>>500570 nice meme. for another anarchist society, check out the warlord period in republican china. "i love liberating proletarians and federating power upward from organic free association"--guy in my pic probably
They were conquered by a foreign power, the fascist regime of Franco, but that's a problem of their military capabilities, not their society. The cooperatives and communal economy and democratic assemblies all worked just fine until they were invaded.
>>500568 It's called prehistory. The first states didn't form until agriculture and the first cities. For the vast majority of our species', and humanity's in general, history there were no states.
What's funny is that these pre-state societies were even more violent and possibly even oppressive than state societies anarchists bitch and moan about. Large percentage of children died to infanticide, decent chunk of males died to violence, and pre-state societies still enslaved and fought each other.
>>500568 Anarchist Spain in the 30s, Anarchist Ukraine. These are two of the best examples. When looking at the latter, try to wade through the gigantic pile of shit left by the Bolsheviks, they really did a number on that place.
Here's a good place to read about Makhno, the central figure in Anarchist Ukraine: http://www.nestormakhno.info/index.htm
As always, remember that anarcho-capitalism is an oxymoron that doesn't make sense, regardless of how big the temper tantrums thrown by its ignorant adherents.
Daily reminder that all anarcho-capitalists will be culled when the time comes.
I love the idea of anarchism, but in practice it seems like a transitory state at best. Nowadays even democracy looks self-defeating, how is anarcho-anything to hold its own? An ideal that can't survive reality does little good.
>>500975 It isn't really, though. Catalonia was "conquered" along with the rest of Republican Spain and the Free Territory was one of many, MANY fledgling polities that were subsumed back into the USSR during WWI/The Russian Revolution. Both of these had their military successes and failures.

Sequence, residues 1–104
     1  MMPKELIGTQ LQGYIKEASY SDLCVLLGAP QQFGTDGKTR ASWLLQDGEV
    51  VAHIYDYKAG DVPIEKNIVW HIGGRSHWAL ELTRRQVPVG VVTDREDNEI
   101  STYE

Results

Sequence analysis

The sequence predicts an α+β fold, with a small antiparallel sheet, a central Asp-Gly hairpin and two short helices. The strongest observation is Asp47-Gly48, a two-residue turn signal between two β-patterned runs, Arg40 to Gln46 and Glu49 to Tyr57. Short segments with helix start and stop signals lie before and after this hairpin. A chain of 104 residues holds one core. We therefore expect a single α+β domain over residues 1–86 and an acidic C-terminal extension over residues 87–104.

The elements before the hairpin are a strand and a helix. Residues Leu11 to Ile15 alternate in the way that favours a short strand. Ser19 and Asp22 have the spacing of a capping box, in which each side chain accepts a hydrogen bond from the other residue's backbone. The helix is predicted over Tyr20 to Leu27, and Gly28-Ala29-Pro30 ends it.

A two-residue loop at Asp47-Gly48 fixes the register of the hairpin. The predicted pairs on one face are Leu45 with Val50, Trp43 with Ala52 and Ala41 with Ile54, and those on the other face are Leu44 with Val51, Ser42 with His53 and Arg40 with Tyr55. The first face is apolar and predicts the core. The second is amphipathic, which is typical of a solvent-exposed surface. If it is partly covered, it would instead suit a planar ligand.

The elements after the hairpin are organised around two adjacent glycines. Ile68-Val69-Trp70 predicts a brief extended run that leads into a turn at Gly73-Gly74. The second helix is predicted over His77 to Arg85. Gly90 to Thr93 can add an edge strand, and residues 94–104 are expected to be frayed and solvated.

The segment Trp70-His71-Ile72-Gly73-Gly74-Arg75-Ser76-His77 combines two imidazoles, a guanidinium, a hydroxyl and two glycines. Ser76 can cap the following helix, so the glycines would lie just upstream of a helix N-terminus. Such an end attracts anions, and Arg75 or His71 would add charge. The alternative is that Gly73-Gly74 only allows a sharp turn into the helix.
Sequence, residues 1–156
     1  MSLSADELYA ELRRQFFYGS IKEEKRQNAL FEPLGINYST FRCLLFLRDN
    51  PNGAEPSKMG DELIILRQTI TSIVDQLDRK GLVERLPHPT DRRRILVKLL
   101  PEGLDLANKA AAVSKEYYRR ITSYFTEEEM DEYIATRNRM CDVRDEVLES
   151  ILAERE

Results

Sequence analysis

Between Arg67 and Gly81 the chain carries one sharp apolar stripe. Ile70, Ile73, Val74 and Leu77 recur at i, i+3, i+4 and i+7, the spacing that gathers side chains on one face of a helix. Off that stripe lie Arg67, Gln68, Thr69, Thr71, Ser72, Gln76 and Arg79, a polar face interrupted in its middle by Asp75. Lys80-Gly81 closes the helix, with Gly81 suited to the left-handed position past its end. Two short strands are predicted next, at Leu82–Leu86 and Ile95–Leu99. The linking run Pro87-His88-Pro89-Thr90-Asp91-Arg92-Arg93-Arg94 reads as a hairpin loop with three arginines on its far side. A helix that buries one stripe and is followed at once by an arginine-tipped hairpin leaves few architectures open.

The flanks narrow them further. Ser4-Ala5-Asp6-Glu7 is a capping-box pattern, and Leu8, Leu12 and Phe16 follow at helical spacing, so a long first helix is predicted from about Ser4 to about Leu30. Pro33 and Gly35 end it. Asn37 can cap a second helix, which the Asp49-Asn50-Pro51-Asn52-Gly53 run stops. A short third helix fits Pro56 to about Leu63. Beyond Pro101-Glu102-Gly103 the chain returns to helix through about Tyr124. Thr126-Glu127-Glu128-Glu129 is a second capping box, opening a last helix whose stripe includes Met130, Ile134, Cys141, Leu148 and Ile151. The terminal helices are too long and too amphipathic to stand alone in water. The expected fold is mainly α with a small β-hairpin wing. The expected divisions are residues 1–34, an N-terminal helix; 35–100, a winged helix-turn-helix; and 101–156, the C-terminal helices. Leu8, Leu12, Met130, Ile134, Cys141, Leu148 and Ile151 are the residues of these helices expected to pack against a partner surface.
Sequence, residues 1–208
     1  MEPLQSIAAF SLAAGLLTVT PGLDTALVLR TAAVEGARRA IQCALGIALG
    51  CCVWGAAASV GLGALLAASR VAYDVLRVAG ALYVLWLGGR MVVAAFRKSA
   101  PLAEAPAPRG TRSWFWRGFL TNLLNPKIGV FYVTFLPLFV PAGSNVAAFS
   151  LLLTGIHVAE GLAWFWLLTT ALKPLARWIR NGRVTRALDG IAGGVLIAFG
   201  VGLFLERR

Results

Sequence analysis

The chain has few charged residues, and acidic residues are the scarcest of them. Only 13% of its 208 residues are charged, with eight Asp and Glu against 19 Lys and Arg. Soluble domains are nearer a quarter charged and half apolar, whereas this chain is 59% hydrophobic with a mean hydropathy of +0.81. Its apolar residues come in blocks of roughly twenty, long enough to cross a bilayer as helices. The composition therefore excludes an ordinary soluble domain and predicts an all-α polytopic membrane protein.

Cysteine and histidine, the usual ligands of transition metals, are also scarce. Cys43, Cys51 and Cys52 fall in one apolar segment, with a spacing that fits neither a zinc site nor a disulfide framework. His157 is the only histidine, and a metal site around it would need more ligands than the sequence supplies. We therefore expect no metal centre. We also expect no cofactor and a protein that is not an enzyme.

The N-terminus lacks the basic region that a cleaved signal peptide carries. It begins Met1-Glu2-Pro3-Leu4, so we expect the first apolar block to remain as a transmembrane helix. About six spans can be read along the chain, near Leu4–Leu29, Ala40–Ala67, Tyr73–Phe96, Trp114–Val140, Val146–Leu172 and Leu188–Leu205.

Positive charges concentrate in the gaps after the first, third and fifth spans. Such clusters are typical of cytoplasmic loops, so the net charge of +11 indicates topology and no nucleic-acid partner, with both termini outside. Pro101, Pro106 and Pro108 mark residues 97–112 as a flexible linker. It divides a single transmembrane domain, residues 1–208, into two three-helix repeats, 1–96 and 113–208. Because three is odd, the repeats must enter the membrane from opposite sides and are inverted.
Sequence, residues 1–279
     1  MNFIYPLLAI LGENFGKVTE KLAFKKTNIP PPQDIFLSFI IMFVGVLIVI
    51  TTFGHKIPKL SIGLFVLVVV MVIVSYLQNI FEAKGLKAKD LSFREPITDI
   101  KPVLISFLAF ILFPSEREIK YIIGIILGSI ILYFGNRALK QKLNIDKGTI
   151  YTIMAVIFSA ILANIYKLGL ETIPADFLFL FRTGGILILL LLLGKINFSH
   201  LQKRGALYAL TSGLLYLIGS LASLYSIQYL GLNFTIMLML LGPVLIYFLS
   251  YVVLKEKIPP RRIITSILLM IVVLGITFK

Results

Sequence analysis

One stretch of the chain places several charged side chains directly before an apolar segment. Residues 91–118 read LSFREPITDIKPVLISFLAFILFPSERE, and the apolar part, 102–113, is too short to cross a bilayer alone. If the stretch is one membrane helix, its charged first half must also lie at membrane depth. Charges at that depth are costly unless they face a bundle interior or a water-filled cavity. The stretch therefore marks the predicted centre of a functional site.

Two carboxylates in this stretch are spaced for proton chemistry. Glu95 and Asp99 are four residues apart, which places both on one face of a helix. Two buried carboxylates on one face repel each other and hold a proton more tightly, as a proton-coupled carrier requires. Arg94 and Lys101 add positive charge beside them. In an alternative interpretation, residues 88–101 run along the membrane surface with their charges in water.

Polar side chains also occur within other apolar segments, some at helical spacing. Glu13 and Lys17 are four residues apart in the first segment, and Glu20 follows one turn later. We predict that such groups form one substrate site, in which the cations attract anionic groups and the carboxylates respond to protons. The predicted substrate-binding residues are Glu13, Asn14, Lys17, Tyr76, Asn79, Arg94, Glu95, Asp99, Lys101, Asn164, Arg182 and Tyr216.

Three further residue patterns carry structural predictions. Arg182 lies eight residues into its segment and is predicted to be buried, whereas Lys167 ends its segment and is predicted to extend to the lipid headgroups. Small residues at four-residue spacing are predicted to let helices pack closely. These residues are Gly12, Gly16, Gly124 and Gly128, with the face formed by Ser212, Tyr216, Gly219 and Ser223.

>>500996 Refer to >>500945 Catalonia and the Free Ukraine are just two modern examples, but the exact same thing happened all throughout history. Over the course of only a few thousand years (pretty much the blink of an eye in the big scheme) all pre-states either developed into states, or were conquered by states. There were very, very few if any exceptions outside of isolated tribes.
>>501003 Wasn't a political project, just something that happened as an effect of the Franco-Prussian war. It's an interesting thing to study, but nobody is confused as to why it didn't pull an army out of its ass and liberate France.
>>501015 Well, yeah. States are very powerful, usually self-sustaining constructs. There are reasons why they exist, but also reasons why their form and function have changed dramatically over history. I don't believe anarchism just to be an ethical ideal, but a point along the trajectory of our modern social organization. The anarchist experiments were just that-- experiments. Maybe they would survive, maybe they would mutate into something on par with the USSR, maybe they would spread across the entire world. Nobody knew at the time, and nobody will know until it happens or until the idea is erased from our collective memory.